From July onwards, the active source areas were identified in the southern gravel plains, Namib sand dunes, and Kalahari desert (this former source only for the Dust 11 to 13 episodes). Air mass transport was southerly and travelled over the sea and along the coastline. It is worth noticing that all the air masses experienced maritime air during their last hours of transport, including the Dust 04 and 05 episodes associated with berg wind conditions, due to the coastal low that develops to the west of the HBAO.

The formation of fog events at Henties Bay is also highly seasonal. The frequency of occurrence of fog events is highest during austral winter at the coast, whereas lifted stratus clouds dominate during austral summer, when the overall FLC occurrence peaks. The occurrence of fog over Namibia corresponds to the advection of low-level clouds, which is modulated by both local meteorology along the coastline of Namibia (trade winds) and synoptic-scale radiative processes (Spirig et al., 2019; Andersen et al., 2019, 2020). Henceforth, as shown in Fig. S1, the presence of fog and low clouds correlates with wind directions and aerosol source regions. Overall, three episodes (Dust 04, Dust 05, and Dust 11 in April, May, and November, respectively) occurred under fog-free or low-fog conditions. The remaining episodes were characterized by extensive fog and low cloud coverage throughout the study area. The meteorological observations at the nearby Wlotzkasbaken station (Fig. S2) confirm these findings and show in particular that the relative humidity always exceeded 60 % and 80 % when fog or low clouds were present (Table 1). As a consequence, the aerosol can be considered deliquescent even under the fog-free conditions. The seasonality is also observed in the average downwelling solar irradiance, with the lowest values during July and September associated with austral winter. Finally, it is interesting to note that the fog-free conditions, associated with the predominance of continental air masses, corresponded to the highest EDM, possibly because of the reduced wet removal during transport and the increase in emission fluxes with the decrease in soil moisture (Kok et al., 2014) but possibly also because of the high wind speed prevailing under these conditions, which in principle enhances both dust emissions and transport (Table 1).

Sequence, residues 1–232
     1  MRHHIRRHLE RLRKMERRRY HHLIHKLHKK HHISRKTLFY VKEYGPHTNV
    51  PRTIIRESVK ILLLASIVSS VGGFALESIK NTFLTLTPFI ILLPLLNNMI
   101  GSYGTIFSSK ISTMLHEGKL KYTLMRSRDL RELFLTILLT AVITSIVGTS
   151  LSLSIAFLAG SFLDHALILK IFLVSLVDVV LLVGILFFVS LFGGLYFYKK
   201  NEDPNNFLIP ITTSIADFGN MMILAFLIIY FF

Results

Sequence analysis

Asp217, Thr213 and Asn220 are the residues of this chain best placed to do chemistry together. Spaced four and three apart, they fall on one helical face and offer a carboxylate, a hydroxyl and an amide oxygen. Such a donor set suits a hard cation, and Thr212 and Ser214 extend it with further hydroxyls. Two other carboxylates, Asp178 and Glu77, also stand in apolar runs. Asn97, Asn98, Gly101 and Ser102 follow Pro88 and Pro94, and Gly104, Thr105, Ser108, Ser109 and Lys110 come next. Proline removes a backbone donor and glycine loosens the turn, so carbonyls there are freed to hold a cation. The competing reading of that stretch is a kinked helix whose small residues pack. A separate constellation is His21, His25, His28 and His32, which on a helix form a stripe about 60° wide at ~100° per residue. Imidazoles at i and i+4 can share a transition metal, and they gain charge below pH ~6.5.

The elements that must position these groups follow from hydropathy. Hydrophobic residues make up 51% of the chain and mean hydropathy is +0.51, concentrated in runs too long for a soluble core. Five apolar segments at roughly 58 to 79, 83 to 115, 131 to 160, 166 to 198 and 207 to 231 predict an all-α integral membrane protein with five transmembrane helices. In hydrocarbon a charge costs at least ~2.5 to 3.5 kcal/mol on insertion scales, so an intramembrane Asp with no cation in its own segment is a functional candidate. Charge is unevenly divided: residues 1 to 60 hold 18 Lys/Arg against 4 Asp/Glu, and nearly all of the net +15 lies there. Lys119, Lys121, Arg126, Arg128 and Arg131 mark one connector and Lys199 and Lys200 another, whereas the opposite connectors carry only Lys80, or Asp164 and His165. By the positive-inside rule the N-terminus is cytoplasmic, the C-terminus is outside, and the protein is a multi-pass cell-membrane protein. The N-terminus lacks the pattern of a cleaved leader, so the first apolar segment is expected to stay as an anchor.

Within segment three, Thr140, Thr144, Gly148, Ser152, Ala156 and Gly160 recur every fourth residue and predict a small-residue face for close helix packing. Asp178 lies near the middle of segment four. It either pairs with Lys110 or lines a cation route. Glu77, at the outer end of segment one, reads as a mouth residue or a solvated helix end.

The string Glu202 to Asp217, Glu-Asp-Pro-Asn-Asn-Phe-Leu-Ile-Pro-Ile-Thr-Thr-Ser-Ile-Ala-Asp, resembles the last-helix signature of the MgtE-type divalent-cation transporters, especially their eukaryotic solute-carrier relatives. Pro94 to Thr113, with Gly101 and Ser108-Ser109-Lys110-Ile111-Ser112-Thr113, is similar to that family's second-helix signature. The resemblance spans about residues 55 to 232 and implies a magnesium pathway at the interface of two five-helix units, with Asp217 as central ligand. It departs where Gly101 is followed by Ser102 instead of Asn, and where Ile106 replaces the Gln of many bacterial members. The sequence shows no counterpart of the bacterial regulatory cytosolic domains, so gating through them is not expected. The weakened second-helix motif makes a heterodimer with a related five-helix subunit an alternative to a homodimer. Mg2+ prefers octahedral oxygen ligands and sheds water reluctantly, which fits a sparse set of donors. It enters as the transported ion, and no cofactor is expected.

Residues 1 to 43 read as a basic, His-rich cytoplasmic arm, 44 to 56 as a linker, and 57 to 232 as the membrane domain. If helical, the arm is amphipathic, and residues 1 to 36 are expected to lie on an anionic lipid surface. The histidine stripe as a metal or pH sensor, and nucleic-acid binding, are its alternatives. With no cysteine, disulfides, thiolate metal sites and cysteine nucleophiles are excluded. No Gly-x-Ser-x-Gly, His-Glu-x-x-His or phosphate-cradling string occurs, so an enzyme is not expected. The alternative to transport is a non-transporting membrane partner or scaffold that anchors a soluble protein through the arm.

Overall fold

3.2 Iron solubility

The total and dissolved concentrations, together with the fractional solubility of Fe, Al, and Si, during the dust episodes are reported in Table 2, where they are compared to background conditions. For iron, the average values over the entire sampling period are also shown.